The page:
Why I’m OK with the graying of Facebook

Sections: Uncategorized, Web, Web 2.0 / Social Networking

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Nearly every day I see a story about how teens and tweens are abandoning Facebook in droves for other social networks because it’s become lame to them.

They’ve got a point. There are loads of creepy and seemingly-creepy old folk on FB, not the least of whom are these kids’ adult relatives, who make embarrassing comments and use the network to creepily keep tabs on what they’re up to. Creepy!

And I propose that all of that is just fine.

As in the physical world, everything on the internet does not need to be geared towards the young. And quite frankly, my Gen X friends and I (who’ve been “social networking” since the days of Usenet groups and email lists) have invested a lot of time and energy on Facebook over the years. I’m not interested in abandoning all that for the next big social network… which hasn’t even emerged yet.

I hardly use the phone or even email anymore, and my job takes up a lot of my time, so Facebook is my main point of contact with virtually my entire network of friends, acquaintances and even some professional colleagues. And my network remains very active. It’s not like Myspace, which spun out of control with tacky customization and rapidly became what many people have called “the internet’s abandoned amusement park.” Facebook is, by comparison, a stable and minimalist platform, which gives it legs, especially among older peeps who aren’t looking for constant, stimulative change.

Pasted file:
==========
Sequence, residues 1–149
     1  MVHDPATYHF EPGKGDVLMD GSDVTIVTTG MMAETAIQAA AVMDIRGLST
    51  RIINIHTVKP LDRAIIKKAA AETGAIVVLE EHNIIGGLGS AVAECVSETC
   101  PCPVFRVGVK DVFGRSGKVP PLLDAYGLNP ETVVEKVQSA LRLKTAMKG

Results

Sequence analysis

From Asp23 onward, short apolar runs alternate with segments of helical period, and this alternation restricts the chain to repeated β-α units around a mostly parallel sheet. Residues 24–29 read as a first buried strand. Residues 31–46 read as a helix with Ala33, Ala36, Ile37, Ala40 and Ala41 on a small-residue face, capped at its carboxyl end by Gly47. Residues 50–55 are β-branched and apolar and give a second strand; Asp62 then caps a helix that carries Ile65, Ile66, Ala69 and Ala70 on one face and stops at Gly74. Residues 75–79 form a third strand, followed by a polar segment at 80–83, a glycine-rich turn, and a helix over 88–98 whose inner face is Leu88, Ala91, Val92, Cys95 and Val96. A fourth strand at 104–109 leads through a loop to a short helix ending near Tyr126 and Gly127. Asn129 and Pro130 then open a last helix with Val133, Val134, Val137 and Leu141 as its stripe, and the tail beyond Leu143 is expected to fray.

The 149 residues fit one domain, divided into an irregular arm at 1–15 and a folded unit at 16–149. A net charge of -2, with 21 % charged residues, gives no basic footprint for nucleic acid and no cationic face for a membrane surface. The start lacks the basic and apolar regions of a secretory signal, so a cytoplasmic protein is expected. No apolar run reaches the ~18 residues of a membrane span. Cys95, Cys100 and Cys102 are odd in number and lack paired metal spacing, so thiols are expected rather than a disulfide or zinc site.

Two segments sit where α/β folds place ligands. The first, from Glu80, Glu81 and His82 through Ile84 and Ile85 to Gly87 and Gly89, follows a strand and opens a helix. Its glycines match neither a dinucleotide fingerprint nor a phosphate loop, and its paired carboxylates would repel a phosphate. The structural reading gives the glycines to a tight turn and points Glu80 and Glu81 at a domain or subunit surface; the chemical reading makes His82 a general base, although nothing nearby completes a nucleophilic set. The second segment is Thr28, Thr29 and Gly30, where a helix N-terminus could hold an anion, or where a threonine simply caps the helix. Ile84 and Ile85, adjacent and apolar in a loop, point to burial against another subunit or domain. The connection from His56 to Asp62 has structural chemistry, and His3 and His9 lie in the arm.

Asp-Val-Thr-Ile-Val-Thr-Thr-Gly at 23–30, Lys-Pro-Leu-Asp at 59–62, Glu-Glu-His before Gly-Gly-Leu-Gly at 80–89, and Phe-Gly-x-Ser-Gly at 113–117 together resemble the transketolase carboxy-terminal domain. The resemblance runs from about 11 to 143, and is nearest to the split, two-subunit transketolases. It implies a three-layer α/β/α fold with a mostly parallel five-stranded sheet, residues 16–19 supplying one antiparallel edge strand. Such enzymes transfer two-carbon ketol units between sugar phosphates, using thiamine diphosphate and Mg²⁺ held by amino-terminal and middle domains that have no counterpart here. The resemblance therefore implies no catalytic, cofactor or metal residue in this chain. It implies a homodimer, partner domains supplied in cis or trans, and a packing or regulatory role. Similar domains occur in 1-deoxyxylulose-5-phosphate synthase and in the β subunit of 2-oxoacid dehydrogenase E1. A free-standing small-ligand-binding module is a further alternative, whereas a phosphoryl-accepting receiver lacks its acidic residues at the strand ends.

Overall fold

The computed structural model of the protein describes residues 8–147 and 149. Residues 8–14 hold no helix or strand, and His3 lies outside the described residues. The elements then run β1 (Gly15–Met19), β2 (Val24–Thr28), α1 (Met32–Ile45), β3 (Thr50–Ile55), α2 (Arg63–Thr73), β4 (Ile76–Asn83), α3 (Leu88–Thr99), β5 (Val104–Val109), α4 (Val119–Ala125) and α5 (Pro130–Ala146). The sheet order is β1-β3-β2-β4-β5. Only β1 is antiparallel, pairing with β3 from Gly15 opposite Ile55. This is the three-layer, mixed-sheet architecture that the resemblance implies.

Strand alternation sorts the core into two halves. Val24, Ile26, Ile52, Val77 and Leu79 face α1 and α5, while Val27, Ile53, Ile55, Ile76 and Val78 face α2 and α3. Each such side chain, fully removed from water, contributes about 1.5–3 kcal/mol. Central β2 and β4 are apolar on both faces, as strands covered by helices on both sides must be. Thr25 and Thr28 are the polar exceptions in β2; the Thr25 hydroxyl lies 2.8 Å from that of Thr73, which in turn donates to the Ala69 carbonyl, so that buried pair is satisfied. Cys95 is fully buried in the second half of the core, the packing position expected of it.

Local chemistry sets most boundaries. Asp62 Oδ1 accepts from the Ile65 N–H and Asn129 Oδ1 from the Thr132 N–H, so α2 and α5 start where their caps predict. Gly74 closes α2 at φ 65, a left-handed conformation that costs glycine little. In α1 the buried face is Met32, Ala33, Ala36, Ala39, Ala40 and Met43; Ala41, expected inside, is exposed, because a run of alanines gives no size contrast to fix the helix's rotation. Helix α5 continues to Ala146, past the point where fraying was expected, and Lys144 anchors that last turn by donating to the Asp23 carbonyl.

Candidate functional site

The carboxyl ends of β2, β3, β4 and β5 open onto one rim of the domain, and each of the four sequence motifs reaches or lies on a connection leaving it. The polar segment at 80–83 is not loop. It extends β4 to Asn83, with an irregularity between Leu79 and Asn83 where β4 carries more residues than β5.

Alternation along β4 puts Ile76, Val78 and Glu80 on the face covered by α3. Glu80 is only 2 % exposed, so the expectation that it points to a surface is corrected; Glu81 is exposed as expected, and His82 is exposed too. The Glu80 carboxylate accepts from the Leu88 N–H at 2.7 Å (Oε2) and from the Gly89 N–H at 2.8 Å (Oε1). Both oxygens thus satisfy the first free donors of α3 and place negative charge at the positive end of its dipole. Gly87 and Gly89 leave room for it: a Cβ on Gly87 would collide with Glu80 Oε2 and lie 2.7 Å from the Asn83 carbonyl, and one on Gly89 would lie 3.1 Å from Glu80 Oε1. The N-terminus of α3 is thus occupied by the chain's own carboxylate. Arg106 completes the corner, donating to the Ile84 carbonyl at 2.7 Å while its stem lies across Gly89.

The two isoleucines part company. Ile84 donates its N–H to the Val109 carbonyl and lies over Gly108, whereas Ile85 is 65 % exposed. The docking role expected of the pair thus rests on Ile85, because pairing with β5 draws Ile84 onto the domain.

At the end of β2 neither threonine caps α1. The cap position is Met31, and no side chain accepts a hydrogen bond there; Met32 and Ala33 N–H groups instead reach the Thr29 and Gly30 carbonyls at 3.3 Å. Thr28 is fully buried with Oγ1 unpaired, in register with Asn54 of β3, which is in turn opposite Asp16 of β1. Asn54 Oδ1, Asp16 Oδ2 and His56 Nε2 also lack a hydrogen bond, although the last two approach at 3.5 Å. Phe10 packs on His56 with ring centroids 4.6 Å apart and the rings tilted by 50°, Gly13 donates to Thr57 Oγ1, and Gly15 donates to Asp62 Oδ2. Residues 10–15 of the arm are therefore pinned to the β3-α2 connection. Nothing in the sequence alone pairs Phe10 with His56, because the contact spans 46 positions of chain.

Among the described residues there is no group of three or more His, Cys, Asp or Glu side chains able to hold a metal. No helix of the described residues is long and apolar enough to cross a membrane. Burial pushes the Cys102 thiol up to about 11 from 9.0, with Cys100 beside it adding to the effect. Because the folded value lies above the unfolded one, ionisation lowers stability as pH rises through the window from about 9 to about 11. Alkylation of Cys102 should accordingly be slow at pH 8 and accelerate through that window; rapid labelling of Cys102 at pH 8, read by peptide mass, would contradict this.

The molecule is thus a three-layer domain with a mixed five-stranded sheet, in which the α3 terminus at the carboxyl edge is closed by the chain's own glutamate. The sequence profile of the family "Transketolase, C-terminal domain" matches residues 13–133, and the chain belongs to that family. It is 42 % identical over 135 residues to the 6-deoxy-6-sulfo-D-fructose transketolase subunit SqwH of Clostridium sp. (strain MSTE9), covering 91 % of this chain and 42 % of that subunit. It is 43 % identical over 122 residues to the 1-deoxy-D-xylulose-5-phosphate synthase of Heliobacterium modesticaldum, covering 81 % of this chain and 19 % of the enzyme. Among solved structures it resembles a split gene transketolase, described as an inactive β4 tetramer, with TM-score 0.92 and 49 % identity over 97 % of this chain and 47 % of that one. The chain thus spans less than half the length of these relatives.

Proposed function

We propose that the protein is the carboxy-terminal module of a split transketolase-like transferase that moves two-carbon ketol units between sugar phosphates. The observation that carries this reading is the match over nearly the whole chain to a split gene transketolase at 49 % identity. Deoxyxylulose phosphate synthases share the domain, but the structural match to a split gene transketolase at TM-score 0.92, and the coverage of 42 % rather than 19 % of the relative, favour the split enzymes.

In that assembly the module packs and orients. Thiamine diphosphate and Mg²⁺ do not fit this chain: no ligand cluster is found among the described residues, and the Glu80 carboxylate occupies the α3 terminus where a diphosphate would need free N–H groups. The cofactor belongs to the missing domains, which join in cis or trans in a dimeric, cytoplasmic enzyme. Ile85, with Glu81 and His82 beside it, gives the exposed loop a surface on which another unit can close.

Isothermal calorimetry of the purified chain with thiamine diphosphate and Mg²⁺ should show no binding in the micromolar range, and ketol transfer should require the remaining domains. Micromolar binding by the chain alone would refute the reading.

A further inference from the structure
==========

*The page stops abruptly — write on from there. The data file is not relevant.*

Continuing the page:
Everyone rags on Facebook, but when level heads prevail it’s still pretty amazing, and all my friends are there. So why would I leave?

Not only that, but the network has years of my photos that I don’t have stored anywhere else (or don’t remember where they’re stored). Not to mention the fact that, if I am ever interested, I can easily go see what I was thinking and doing five years ago.

I know, Facebook has all my private information. I know, I’m part of a big database that corporations regularly access. It’s 2014, and to maintain the illusion that the average person has much privacy anymore is naive. And I’m sure that other social networks also want their grubby hands on your personal info. They’re just not as good at it (yet) as Facebook is. Sure, Facebook has me by the short and curlies, but so do my bank, my utility providers, my supermarket, my credit card companies… our innocence is gone, man. It has been since caller ID was invented.

So if Facebook becomes the long-term social network for Gen X, I’m OK with that, as long as the platform continues to be supported. And I don’t see that changing any time soon.

Ultimately, Facebook’s a utility, just like phone, electric, gas, water. And it’s free, except for the cost of the erosion of my privacy. Again, I’m OK with that. I surrender to the Facebook borg. Even if the cool kidz aren’t there with me.

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